When I was eleven, we lived in a great big un-paid for house with a mansard roof, and several empty rooms because there was no money for furniture. Our house was in the new part of Shreveport that was to us, countrified, coming as we did from a track house with an ornamental screen door and two young pine trees in front. Our new backyard was full of old trees and new trees and was nearly an acre. At night in the winter, we could hear foxes.
At the end of the block was a branch of Bayou Pierre, and it was there, one morning in the summer, I went looking for dewberries so we could have cobbler that evening. Aline had been with us by then for more than a year, and though my mother cried all the time, she wasn’t my father, and we laughed at the dinner table. We were broke, of course, and told not to answer the front door in case it was the bill collector, but I was no longer afraid. My father was dead. My mother was at his store trying to make a living. It was my sister, my brother and I under the gentle reign of Aline, who could handle us. Two previous housekeepers, Henrietta notably, had run away screaming waving her hands in the air.
Land around the bayou was dense and the dewberry vines had prickles on them. I had discovered a big clump of them; enough to fill a huge tin can full, and was sedulously picking and eating and biting out prickles from my fingers, when I heard a noise in the bushes.
I was afraid of snakes. I was afraid of foxes. I was afraid of my father coming back from the dead to get me—I was terrified of that. But I wasn’t afraid of black men. And that’s what the noise in the bushes was. A black man. Maybe he was drunk. Maybe he was pissed off. Maybe he was just nuts. (Who could blame him?)
I was almost shoulder high in the marsh and berries, but he was waist high. And his pants were unbuttoned. And his arms were out and he was coming to get me. I dropped the can and ran out of that rich patch of berries I’d found on Bayou Pierre, up the tar road and into the kitchen. I was plenty scared by the time I reached Aline’s warm arms. I was probably shaking like a leaf.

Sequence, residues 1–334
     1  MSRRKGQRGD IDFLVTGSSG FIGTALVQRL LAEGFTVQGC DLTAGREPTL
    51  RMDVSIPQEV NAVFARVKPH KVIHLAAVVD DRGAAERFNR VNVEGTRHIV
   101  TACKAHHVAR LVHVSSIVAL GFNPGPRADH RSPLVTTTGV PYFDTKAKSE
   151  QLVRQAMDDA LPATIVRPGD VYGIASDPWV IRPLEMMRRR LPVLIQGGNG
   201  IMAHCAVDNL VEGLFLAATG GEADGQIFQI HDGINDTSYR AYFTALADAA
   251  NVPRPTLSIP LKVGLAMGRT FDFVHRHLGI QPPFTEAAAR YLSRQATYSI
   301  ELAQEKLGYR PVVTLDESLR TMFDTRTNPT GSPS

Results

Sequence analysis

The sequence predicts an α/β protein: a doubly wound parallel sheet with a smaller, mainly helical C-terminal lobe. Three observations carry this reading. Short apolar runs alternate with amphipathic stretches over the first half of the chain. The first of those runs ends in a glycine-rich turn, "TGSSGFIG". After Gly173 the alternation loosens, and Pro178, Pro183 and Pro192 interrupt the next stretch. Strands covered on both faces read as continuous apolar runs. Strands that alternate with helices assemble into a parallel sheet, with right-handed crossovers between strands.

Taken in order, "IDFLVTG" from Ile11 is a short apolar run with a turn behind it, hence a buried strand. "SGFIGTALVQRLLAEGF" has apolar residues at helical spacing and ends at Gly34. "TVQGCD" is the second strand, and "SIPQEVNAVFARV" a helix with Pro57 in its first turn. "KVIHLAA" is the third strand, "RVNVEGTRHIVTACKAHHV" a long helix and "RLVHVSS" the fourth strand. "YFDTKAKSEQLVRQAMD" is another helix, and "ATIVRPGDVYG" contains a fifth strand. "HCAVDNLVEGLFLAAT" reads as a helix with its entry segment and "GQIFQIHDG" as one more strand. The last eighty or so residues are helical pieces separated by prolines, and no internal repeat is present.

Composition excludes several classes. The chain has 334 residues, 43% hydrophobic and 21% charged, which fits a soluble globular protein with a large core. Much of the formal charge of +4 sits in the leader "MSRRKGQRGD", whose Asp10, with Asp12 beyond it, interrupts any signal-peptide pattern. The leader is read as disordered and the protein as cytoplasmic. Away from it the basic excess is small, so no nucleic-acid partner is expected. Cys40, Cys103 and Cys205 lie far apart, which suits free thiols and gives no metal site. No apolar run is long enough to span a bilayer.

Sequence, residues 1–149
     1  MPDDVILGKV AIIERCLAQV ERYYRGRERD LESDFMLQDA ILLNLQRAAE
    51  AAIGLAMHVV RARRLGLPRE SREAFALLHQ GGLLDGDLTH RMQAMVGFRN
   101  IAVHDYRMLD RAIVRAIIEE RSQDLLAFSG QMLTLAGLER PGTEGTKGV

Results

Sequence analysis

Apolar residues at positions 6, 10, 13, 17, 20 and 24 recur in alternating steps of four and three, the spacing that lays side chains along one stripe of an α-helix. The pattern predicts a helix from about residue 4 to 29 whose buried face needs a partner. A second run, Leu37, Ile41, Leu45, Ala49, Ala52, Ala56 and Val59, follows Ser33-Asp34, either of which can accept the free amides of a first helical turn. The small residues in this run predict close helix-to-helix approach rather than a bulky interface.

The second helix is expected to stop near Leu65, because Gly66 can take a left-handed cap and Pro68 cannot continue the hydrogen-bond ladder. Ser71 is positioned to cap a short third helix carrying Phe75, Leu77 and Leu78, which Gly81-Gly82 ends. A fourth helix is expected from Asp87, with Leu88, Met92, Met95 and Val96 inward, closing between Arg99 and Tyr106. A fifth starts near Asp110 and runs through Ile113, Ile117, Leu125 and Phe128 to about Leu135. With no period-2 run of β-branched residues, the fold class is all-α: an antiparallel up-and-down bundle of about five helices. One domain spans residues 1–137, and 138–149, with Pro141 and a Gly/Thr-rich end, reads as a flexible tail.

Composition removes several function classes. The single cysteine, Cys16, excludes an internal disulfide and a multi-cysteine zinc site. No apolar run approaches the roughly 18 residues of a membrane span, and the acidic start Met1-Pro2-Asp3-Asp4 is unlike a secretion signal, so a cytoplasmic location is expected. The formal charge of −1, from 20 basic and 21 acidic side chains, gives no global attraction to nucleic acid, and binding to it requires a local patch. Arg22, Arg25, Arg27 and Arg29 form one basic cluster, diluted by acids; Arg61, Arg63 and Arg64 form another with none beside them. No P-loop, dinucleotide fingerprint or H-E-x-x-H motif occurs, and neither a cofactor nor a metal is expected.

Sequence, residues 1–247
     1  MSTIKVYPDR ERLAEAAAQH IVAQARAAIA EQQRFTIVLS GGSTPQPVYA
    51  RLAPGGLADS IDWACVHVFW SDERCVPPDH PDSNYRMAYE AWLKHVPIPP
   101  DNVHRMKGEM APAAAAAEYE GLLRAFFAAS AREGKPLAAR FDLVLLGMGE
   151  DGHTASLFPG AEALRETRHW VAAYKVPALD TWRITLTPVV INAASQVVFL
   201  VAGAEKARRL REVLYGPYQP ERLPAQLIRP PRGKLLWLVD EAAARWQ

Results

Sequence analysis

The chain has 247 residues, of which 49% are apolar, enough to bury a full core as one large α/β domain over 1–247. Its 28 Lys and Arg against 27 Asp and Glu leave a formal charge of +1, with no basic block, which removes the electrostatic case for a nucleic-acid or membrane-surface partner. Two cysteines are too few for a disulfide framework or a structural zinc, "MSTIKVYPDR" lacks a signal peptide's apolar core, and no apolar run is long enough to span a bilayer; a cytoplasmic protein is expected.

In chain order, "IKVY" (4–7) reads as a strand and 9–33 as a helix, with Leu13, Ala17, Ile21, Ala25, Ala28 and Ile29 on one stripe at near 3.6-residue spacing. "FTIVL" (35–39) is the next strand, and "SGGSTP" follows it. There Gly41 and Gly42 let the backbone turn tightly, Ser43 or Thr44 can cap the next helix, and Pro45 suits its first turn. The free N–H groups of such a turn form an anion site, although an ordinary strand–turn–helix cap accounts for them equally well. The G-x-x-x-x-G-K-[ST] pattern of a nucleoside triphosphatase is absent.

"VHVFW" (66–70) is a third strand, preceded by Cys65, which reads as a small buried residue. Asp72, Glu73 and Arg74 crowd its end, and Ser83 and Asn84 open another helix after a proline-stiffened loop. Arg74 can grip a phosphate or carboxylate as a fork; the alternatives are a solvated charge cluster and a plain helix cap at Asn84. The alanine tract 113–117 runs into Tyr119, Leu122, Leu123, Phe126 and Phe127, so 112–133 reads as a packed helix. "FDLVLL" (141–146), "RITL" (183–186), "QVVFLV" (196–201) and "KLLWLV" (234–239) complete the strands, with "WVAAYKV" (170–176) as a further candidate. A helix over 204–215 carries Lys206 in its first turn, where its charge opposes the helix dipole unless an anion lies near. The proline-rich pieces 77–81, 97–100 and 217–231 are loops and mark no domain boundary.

Aline wanted to know what happened.
I told her a man had chased me.
“Yes,” she said. “What happened? Did he get you?”
“No,” I told her. “I ran.”
“That’s good,” she said. And she looked me up and down. And she sighed. I could tell she was relieved.
She looked me in the face. “You sure about that?”
“Yes,” I said.
Once again she looked me up and down. “What’d he look like? Was he black?”
Something in her look and in her voice told me what to say.
“White,” I told her. “He was white.”
“You sure about that?”
“So, do you want to call your mama?”
“No,” I said.
We made some jello for dessert that night, and I stayed away from the dewberry patches for a while. And to this day, no crazy black man has ever menaced or scared me again.
I thought of that long ago summer this morning, when I read the Op Ed pages of the New York Times. “Louisiana’s Color-Coded Death Penalty.”
“In Louisiana of today, a black man is 30 times as likely to be sentenced to death for killing a white woman as for killing a black man. Regardless of the offender’s race, death sentences are six times as likely—and executions 14 times as likely—when the victim is white rather than black.”
Louisiana has the worst record in the country. It’s right up there with repressive regimes in the second and third worlds.
Back then, I knew, if not the statistics, certainly what would have happened if I told Aline that a black man had chased me with his pants down. And she had called my mother. It would have meant, five, six maybe a whole dozen black men would be captured and probably lynched.
How can it be possible that all these years later, on some level this system is still operating in the land of the free and the brave?
In Louisiana 2016. In Ferguson 2015. The list goes on and on and on.
What are we to do about it?